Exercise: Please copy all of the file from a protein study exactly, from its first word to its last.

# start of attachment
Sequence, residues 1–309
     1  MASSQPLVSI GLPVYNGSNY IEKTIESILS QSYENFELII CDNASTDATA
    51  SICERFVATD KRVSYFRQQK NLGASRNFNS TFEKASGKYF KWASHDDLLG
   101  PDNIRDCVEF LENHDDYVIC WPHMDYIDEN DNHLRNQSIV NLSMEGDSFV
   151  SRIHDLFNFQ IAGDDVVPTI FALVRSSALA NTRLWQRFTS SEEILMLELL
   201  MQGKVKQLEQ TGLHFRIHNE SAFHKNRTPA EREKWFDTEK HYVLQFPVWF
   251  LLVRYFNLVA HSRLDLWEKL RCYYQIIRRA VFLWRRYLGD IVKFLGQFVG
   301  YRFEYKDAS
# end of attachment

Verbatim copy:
Sequence, residues 1–309
     1  MASSQPLVSI GLPVYNGSNY IEKTIESILS QSYENFELII CDNASTDATA
    51  SICERFVATD KRVSYFRQQK NLGASRNFNS TFEKASGKYF KWASHDDLLG
   101  PDNIRDCVEF LENHDDYVIC WPHMDYIDEN DNHLRNQSIV NLSMEGDSFV
   151  SRIHDLFNFQ IAGDDVVPTI FALVRSSALA NTRLWQRFTS SEEILMLELL
   201  MQGKVKQLEQ TGLHFRIHNE SAFHKNRTPA EREKWFDTEK HYVLQFPVWF
   251  LLVRYFNLVA HSRLDLWEKL RCYYQIIRRA VFLWRRYLGD IVKFLGQFVG
   301  YRFEYKDAS